The third Saturday in September invites people to show stewardship for the ocean and be part of an international effort to keep our beaches clean. This year, Coastal Cleanup Day is Saturday, Sept. 20, from 9 a.m. to noon.
The first organized coastal cleanup took place in Oregon in 1984 at the end of a busy summer season that left a popular beach a little worse for wear.
In 1985, the California Coastal Commission adopted the idea. By 1993, California Coastal Cleanup Day was recognized by the Guinness Book of World Records as the “largest litter collection event.”
Last year, The Ocean Conservancy’s International Coastal Cleanup documented more than half a million volunteers, collecting 10 million pounds of trash in countries all over the world.
Coastal Cleanup Day is strategically timed after Labor Day, when summer visitors have headed for home, and before the first rains of winter wash discarded litter and trash into the ocean. Cleanups are also organized along coastal creeks and waterways.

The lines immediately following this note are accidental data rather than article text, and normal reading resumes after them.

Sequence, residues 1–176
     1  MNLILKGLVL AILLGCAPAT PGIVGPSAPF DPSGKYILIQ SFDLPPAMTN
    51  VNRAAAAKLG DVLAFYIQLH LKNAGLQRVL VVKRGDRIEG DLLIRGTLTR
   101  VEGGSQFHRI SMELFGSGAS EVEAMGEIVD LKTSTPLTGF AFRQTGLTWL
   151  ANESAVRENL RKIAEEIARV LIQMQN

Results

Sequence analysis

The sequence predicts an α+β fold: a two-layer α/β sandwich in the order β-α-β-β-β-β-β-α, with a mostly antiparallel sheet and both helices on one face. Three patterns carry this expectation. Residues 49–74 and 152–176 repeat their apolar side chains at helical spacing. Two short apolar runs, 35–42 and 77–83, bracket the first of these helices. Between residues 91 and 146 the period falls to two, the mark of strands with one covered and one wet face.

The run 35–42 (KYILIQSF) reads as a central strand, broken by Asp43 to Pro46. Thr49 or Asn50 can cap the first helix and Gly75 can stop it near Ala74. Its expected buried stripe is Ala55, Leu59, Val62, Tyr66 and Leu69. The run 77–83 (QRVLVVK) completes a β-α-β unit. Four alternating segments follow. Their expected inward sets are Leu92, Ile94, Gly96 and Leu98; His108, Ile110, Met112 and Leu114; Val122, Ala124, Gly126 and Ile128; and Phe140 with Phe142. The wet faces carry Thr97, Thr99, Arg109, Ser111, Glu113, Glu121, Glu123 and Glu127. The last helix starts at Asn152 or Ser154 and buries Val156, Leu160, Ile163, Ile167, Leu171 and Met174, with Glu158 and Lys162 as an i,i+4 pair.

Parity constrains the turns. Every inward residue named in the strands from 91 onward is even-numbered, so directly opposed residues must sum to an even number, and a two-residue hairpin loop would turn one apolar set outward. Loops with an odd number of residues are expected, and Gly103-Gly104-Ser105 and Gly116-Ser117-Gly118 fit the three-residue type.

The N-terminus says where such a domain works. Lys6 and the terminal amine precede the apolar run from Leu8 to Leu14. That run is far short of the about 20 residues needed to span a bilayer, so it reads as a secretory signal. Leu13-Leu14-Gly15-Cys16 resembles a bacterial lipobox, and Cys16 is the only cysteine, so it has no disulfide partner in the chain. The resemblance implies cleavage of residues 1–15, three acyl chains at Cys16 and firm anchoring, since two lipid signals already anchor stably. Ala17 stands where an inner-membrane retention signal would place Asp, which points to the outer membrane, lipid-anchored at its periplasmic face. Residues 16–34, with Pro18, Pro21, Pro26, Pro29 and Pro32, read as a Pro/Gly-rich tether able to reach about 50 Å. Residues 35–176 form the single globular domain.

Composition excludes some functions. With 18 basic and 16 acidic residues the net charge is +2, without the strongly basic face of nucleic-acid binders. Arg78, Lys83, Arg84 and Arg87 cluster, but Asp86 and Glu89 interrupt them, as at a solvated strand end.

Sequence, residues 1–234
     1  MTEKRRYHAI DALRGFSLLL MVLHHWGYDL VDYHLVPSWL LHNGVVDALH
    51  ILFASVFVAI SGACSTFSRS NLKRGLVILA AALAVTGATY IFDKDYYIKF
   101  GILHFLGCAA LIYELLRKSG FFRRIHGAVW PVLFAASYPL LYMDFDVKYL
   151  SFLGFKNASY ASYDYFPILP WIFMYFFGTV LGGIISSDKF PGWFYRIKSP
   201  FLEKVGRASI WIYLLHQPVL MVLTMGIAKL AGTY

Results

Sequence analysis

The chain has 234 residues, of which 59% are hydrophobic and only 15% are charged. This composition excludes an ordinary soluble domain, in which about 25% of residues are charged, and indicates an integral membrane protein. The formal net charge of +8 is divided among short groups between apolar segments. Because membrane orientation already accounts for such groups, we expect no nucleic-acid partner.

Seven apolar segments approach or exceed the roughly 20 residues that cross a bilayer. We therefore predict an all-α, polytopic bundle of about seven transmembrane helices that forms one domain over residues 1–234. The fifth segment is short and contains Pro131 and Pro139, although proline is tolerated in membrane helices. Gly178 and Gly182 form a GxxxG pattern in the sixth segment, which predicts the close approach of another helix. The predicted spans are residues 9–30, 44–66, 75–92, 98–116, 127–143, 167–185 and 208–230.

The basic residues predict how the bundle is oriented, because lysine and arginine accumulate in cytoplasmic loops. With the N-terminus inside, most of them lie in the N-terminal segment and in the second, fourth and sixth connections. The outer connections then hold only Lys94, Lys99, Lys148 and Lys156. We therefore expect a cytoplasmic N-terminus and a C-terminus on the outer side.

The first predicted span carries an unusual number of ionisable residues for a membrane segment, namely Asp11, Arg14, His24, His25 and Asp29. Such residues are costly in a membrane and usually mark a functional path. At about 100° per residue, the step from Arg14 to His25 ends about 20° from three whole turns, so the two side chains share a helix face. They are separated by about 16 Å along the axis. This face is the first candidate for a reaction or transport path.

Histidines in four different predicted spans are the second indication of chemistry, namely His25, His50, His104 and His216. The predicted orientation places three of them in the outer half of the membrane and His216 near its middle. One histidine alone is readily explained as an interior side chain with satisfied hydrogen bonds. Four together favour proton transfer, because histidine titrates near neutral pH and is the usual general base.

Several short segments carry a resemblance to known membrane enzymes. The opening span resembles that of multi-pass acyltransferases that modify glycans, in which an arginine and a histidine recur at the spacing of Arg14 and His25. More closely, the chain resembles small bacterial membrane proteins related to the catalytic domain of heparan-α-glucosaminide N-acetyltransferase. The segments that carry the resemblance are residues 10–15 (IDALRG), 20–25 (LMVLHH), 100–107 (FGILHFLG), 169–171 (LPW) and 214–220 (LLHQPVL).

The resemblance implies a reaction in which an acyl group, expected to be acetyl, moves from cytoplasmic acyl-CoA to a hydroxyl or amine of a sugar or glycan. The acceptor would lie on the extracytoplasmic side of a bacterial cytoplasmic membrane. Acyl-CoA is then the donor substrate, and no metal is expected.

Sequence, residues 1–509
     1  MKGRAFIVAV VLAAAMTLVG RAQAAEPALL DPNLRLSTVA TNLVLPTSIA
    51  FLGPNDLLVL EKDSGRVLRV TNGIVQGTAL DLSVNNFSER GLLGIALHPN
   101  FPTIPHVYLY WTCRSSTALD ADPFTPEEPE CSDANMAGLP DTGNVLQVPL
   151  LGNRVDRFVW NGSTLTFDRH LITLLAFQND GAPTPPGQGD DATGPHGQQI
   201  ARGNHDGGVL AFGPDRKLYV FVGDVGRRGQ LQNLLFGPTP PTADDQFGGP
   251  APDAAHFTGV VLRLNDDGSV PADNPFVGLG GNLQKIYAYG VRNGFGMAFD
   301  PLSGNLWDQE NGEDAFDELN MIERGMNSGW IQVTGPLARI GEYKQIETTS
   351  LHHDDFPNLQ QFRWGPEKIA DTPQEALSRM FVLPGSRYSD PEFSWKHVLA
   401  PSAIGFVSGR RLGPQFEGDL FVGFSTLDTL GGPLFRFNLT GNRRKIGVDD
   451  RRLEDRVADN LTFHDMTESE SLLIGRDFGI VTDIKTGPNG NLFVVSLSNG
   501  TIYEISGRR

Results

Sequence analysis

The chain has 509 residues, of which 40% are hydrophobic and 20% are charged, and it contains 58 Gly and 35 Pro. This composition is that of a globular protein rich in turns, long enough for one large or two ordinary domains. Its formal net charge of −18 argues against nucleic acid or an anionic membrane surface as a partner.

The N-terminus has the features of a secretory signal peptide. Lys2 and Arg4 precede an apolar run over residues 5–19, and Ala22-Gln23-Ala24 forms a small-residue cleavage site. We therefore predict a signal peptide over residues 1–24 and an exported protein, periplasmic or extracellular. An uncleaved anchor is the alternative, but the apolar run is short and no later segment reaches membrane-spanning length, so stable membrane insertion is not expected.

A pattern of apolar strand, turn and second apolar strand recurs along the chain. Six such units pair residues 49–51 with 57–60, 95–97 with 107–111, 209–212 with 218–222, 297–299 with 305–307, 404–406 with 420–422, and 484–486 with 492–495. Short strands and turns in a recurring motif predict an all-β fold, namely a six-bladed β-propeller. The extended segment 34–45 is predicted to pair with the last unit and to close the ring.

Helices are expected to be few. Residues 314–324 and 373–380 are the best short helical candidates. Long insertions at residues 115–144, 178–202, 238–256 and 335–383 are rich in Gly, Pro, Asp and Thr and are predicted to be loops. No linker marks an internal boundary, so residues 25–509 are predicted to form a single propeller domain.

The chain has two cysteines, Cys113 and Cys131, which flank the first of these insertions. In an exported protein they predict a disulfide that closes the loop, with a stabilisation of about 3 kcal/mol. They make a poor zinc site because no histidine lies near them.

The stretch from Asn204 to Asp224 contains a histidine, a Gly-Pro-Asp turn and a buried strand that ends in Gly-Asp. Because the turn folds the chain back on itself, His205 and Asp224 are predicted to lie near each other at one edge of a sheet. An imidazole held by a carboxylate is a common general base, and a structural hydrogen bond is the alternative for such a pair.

The Environmental Center of San Luis Obispo (ECOSLO) coordinates the county’s Coastal Cleanup Day at 28 locations from San Simeon to Oceano. Litter items and recyclables are weighed and counted, reported to a statewide database and disposed of properly. Volunteers receive a certificate of appreciation in the mail.
If you have your own gloves and bags, bring them. Otherwise they will be provided.
In San Simeon and Cambria, you can participate at these beach locations:
- San Simeon Cove/W.R. Hearst State Beach.
- San Simeon Campground at Washburn Day Use.
- Moonstone Beach at Santa Rosa Creek parking lot.
- Fiscalini Ranch at the south Windsor Boulevard entrance.
For more information about Coastal Cleanup Day in SLO County, visit www.ecoslo.org/coastal-cleanup/coastal-cleanup-2014.
Carolyn Skinder, representative for the Monterey Bay National Marine Sanctuary, has been organizing beach cleanups at San Simeon Cove since 2006.
“Coastal Cleanup is citizen science,” she said. “Statewide data are collected by volunteers, tabulated and combined with national and international data. The information is used in environmental policy decisions. NOAA’s Marine Debris Program collects data from volunteers all year long.”
If cleaning up litter at the beach isn’t your thing, you can offer support with donations of food or other rewards for volunteers.